JUNEAU (AP) -- Transportation Commissioner Joe Perkins sought help from some of his Lower 48 cohorts this week to fuel support in the Senate for a plan to jump start several major transportation projects here.
Gov. Tony Knowles wants permission to use Grant Anticipation Revenue Vehicle, or GARVEE bonds, to chip away at the state's $7 billion backlog of road construction projects.
But some Senate Republicans oppose the measure without a statewide vote, and The Association of General Contractors of Alaska don't want it because it could mean more work than they could handle, which might attract Outside contractors to start fishing for jobs in Alaska.
A plan to float $379 million in GARVEE bonds passed the House last year but stalled in the Senate out of fears that such a plan would ''overheat'' the construction industry.
In a Senate Finance Committee hearing on the bill Wednesday, officials from New Mexico and Colorado both recommended such a plan for Alaska.
''There's not a corner of Colorado that doesn't get some benefit out of this,'' said Tom Norton, executive director of the Colorado Department of Transportation.
Colorado has used more than $1 billion in GARVEE bonds to undertake road construction projects in that state, Norton said.
Perkins invited transportation officials from the two states to testify via teleconference after a lobbying group opposed to such a plan indicated those states had negative experiences with GARVEE bonds.
Perkins said several states have taken up GARVEE bond projects with success and Alaska could, too.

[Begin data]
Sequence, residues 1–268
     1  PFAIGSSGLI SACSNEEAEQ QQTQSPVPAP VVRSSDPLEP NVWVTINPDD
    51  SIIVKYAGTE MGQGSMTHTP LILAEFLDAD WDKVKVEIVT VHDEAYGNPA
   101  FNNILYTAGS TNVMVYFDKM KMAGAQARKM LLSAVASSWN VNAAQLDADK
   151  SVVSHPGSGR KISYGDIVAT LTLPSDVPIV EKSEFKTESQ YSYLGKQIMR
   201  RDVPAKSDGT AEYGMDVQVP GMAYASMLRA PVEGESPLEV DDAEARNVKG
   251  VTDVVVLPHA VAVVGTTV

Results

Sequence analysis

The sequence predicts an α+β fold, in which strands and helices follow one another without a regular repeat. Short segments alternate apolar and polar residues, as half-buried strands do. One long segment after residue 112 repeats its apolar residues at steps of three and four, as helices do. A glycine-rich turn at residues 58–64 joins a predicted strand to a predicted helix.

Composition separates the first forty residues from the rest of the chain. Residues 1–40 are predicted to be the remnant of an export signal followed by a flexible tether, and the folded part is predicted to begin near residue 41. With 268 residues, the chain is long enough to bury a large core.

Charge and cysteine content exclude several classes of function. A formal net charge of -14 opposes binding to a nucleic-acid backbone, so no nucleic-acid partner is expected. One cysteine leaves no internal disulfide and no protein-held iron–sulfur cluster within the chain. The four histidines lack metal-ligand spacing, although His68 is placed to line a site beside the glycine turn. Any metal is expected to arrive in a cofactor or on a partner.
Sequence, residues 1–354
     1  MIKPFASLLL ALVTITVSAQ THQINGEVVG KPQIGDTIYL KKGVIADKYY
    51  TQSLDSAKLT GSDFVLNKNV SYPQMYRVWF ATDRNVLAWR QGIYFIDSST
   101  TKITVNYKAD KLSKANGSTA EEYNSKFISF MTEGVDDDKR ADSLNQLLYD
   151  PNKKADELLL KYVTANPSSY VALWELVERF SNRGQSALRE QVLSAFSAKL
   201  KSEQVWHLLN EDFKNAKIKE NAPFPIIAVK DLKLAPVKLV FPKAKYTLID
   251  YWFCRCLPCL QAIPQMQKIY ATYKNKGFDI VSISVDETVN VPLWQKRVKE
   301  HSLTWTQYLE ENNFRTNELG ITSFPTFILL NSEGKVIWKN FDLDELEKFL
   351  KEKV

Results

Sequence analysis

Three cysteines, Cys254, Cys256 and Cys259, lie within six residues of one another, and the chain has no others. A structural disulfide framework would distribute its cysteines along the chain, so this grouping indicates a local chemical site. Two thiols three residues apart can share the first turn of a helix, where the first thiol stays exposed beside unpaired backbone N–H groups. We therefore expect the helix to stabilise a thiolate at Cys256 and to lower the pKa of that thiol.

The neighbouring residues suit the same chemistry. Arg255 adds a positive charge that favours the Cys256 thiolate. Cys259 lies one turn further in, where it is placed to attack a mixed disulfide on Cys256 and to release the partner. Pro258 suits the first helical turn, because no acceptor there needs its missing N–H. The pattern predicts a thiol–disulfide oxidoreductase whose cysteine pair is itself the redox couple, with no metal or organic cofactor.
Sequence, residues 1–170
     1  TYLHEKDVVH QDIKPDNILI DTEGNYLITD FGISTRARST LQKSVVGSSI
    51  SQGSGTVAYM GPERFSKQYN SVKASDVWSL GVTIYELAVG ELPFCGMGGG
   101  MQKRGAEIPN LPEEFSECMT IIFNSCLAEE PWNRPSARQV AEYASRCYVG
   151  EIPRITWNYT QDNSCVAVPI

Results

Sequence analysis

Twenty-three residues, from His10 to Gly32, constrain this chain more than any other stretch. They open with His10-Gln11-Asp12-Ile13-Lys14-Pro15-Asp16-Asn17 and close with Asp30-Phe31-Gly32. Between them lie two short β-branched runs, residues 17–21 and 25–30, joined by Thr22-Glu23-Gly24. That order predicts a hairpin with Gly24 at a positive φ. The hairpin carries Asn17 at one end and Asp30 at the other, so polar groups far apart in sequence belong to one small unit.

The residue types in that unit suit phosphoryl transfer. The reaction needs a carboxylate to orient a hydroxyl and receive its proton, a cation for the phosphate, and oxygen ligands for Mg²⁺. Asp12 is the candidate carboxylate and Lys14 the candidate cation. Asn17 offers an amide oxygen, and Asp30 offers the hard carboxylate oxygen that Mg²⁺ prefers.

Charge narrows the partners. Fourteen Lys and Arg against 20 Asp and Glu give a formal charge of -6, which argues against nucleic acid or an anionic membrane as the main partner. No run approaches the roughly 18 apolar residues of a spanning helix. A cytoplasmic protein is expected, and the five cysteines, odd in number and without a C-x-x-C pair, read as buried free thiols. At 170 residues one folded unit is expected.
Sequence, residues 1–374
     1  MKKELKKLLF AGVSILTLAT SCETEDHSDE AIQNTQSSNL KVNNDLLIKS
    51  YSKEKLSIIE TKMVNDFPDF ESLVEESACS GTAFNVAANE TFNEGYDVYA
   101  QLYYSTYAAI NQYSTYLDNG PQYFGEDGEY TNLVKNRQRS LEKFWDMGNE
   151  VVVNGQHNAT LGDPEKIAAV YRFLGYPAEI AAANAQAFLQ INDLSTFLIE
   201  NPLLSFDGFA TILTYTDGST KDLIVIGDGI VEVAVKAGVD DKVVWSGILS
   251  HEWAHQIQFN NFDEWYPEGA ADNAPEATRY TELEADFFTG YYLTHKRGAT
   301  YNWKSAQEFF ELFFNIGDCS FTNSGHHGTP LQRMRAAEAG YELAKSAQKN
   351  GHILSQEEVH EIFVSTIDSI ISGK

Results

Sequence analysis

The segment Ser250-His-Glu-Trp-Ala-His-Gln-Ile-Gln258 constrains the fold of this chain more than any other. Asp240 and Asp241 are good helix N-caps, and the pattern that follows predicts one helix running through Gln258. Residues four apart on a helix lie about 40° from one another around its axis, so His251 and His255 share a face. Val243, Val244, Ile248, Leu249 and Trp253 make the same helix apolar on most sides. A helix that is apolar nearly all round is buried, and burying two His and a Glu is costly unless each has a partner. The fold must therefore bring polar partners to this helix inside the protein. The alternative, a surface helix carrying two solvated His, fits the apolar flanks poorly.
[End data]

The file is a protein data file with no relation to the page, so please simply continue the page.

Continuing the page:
''I don't feel that will overheat the economy and it's my feeling we can do a lot more,'' Perkins said.
Knowles, a Democrat in his last year in office, proposed a $425 million GARVEE bond plan this year. The Republican-controlled House approves a $379 million plan that is now before the Senate Finance Committee.
House Bill 191 would use GARVEE bonds to finance 56 projects around the state. It also includes funding for fast ferries in Southeast Alaska and about $100 million in Anchorage projects.
The bonds would be paid back over a 15 year period using 10 percent of the state's $400 million federal highway funds, transportation officials said.
The state could also bank some of the bonds and use the interest generated to provide Alaska's required matching grant, said Kurt Parkan, deputy commissioner of the state Department of Transportation and Public Facilities.
''Effectively, we will be able to build these roads without any state dollars,'' Parkan said.
A state Attorney General's opinion said that such a bond package would not require a statewide vote.
But Senate Finance Co-Chairman Pete Kelly, R-Fairbanks, said fellow Republicans in his caucus want such a vote.
Senate committee members will not act on the GARVEE bond package until other bond proposals are considered, Kelly said.
An omnibus bonding package may then emerge which would require voter approval in November, Kelly said.
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